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First Trimester
1 to 12 weeks (3 months)
Second Trimester
13 to 26 weeks (6.5 months)
Third Trimester
27 to 40 weeks (10 months)

Visiting the doctor during pregnancy

Visiting the doctor while you’re pregnant is extremely important for your health and the health of your baby! 

Before pregnancy
During pregnancy
After having a baby

What am I allowed to do or not do during pregnancy? 

Smoking Cigarettes
Smoking Marijuana (Weed)
Exercising
Having Sex
Drinking Alcohol

Demystifying Childbirth (Delivery and C-sections)

Childbirth can seem like a very scary unknown process, but seeing your OBGYN doctor regularly throughout your pregnancy can help you feel better prepared. Some pregnant people choose to also have a doula, or a nonmedical professional who specifically helps them throughout the pregnancy and childbirth process. Additionally, there are centers and classes that can help you make a birth plan and otherwise get ready. Ask your OBGYN for which doulas, centers, or classes they recommend.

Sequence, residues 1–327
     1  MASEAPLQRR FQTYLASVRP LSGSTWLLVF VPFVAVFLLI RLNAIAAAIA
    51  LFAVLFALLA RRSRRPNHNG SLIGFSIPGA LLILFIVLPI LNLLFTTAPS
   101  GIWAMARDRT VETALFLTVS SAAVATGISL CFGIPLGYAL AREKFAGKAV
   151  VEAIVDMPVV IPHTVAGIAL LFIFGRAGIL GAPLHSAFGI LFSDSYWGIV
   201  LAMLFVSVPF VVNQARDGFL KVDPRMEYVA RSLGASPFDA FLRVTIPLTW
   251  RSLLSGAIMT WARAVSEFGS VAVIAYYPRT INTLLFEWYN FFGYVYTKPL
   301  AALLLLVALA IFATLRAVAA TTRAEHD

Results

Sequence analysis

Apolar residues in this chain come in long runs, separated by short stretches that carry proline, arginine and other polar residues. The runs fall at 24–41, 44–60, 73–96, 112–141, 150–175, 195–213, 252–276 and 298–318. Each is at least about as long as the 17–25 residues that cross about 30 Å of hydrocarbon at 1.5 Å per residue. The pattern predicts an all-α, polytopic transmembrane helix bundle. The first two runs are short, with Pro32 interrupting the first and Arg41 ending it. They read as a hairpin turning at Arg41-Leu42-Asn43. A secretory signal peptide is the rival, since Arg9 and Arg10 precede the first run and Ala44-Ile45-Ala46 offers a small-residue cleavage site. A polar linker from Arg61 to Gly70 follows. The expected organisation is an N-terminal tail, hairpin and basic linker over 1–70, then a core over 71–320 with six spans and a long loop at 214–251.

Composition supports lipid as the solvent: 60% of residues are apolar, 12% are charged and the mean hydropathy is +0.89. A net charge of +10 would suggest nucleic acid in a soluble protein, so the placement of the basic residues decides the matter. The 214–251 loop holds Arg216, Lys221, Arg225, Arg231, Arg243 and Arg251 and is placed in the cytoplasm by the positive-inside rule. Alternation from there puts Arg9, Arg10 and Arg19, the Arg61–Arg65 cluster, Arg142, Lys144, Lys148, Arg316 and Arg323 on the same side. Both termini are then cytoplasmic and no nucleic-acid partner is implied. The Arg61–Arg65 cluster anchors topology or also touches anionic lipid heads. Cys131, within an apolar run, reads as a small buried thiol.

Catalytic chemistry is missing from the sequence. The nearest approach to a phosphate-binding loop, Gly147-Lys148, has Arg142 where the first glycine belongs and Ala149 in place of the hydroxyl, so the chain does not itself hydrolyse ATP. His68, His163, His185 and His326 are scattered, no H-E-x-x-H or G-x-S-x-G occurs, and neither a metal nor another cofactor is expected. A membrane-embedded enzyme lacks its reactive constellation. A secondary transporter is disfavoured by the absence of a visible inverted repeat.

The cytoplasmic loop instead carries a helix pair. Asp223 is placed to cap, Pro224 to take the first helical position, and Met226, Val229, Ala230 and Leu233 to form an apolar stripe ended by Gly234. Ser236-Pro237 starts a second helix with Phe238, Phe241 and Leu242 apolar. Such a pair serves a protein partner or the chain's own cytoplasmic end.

As you get closer to delivering your baby, you might start to feel contractions, which is when the womb or uterus, a very strong muscle, forcefully tightens. When these contractions become especially strong and regularly frequent is a sign you might be ready to deliver soon, so your doctor might recommend you come to the hospital at that point. Another sign is when your water breaks, which is when the amniotic sac that surrounds the baby inside your uterus is broken. The fluid that the baby was floating in and cushioned by will leak out through your vagina. 

At-home deliveries
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Induction
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C-sections